Track nine is a song about living on the road and being at a different town every night. “Comin’ Home” started the Unplugged CD, and brought a new fan base to the song for those that were not familiar with the song before that. To me , the Unplugged album was not just great because it showcased the actual talents of the songwriting and skills of the KISS members (yes, I know only two original members played most of the show, but still). It also got newer fans to go back and dig some of these songs on the back catalog, like me. This song was written by Frehley and Stanley, and is a different type of road song for the band. Usually the band had the theme of “We are coming to take over your town. Lock up the daughters and hide the children” type tone to the band. However this is being tired of the road, where all the hotels look the same, and the band is busy all day until they hit the stage, and can’t wait to come home. It’s a different take on living on the road, especially for the early days of the band.

The final song is “Strange Ways,” another song sung by Criss. This is the song where Paul and Peter both state in their books that caused friction, where Peter wanted a huge drum solo on the song, and Paul and Gene cut the solo out of the song, with Criss threatening to quit the band. This song keeps up with the darker toned style of the release, which finishes the album strong. The song has a creeping rhythm to it, which fits with the album cover, especially with The Demon Simmons looking menacing, like he did on most albums. You can hear Simmons very clearly with his backing vocals during the chorus. For those parents that were aware of the band in the early days were in shock of these characters, especially the blood spewing and fire breathing. Ace‘s guitar work is just plain wicked, which also gave a great appeal to it. Visually staring at the cover, while listening to this song, I am sure freaked many people out in 1974 (I was only one year old at the time, so I wasn’t a part of the first wave).

It’s a shame that more people don’t list this release as one of the great second releases, and I’m not just saying it because I am a fan of the band (even though I’d rank it in my top five of all of the band’s albums). There is not a bad song on here to be skipped; with wonderful musicianship that even fans of a darker style of music may enjoy this album as a whole (as opposed to the Carnival of Souls release by the band from 1997), and each song is the right length. Although I think Revenge may be the heaviest of the band’s work, this may be a close second.  Since the band did not have a huge following when it came to selling records until 1975 (and Bogart asked to be released from Warner‘s distribution deal when the record was released), the album goes unnoticed by many.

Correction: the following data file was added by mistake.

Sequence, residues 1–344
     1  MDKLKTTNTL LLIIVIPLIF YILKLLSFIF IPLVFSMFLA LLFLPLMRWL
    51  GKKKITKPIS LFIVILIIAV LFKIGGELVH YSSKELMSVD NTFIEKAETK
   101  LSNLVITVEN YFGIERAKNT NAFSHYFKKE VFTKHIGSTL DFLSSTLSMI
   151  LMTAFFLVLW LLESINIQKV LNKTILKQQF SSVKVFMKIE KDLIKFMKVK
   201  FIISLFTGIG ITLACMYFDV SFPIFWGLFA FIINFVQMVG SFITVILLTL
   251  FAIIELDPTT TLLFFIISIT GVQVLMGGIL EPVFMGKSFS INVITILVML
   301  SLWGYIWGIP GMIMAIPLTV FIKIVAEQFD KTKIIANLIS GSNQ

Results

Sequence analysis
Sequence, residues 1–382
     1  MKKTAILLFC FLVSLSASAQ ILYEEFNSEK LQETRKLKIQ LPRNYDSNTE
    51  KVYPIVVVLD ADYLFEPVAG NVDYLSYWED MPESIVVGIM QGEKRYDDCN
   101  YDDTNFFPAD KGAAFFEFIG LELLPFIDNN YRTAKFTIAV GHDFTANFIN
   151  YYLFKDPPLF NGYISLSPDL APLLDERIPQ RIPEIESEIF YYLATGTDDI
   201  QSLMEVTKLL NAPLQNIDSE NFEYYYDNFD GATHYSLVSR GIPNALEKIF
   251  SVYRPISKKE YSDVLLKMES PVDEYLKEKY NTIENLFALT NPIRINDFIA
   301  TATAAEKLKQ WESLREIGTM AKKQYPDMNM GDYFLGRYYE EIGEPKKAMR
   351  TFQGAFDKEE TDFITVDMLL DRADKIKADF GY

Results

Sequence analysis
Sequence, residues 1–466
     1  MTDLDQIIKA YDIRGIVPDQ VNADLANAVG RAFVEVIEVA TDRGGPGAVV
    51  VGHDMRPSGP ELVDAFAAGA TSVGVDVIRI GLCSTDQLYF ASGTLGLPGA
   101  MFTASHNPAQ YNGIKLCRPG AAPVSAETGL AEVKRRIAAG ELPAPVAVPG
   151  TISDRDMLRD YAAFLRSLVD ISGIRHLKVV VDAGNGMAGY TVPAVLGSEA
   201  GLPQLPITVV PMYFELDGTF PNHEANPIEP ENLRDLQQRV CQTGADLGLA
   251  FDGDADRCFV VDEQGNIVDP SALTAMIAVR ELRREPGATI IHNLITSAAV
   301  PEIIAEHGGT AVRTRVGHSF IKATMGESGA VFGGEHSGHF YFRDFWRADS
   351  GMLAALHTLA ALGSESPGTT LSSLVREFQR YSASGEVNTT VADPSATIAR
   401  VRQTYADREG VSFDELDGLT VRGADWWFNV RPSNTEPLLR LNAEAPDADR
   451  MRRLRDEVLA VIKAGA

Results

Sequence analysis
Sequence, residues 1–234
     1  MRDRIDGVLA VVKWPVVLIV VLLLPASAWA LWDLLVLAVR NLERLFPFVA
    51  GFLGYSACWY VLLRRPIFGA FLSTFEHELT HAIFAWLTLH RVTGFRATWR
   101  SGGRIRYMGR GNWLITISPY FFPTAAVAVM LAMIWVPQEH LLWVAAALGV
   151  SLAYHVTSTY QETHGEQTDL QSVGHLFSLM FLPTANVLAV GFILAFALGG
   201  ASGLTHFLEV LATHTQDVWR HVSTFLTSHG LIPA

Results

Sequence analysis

One complaint about the album to some is the production value seems to be similar to a demo instead of an actual album, but that gives its appeal; it’s rare, dark, and heavy. The sound gives the creeping, stalking feel which gave the message that KISS was coming in the night to take over the world as the ‘Hottest Band in the World’ so much so that they were even Hotter Than Hell!

Track List:
01. Got To Choose
02. Parasite
03. Goin’ Blind
04. Hotter Than Hell
05. Let Me Go, Rock ‘n’ Roll
06. All The Way
07. Watchin’ You
08. Mainline
09. Comin’ Home
10. Strange Ways

Band Members:
Paul Stanley – lead vocals, rhythm guitar
Gene Simmons – lead vocals, bass
Ace Frehley – lead guitar, bass (2), backing vocals (2, 9, 10)
Peter Criss – vocals, drums, percussion

Production:
Produced by Kenny Kerner and Richard Wise
Engineered by Warren Dewey

Band Websites:
Official Website
Facebook

Reviewed by Lance Lumley for Sleaze Roxx, October 2019

KISS performing “Hotter Than Hell” live at Winterland in 1975:

KISS – Hotter Than Hell (Live at Winterland ’75)

The First video of my first serie videos “Early KISS Remas!” in this serie you will found remastered early KISS videos in excelent video and sound quality! KISS live @ Winterland, California. one of the first KISS concert’s film in great quality, in this show KISS was the opening act of a band that i don’t remember the name.